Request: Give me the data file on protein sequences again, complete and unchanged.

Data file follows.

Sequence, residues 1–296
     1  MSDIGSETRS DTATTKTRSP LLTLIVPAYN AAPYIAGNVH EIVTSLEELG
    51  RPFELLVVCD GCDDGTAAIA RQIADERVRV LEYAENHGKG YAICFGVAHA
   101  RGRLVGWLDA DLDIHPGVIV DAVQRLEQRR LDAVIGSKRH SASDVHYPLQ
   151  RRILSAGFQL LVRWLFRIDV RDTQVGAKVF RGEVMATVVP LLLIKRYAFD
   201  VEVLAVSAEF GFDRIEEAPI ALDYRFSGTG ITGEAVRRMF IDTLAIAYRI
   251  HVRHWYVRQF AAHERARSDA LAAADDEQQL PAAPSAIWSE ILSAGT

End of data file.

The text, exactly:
Sequence, residues 1–296
     1  MSDIGSETRS DTATTKTRSP LLTLIVPAYN AAPYIAGNVH EIVTSLEELG
    51  RPFELLVVCD GCDDGTAAIA RQIADERVRV LEYAENHGKG YAICFGVAHA
   101  RGRLVGWLDA DLDIHPGVIV DAVQRLEQRR LDAVIGSKRH SASDVHYPLQ
   151  RRILSAGFQL LVRWLFRIDV RDTQVGAKVF RGEVMATVVP LLLIKRYAFD
   201  VEVLAVSAEF GFDRIEEAPI ALDYRFSGTG ITGEAVRRMF IDTLAIAYRI
   251  HVRHWYVRQF AAHERARSDA LAAADDEQQL PAAPSAIWSE ILSAGT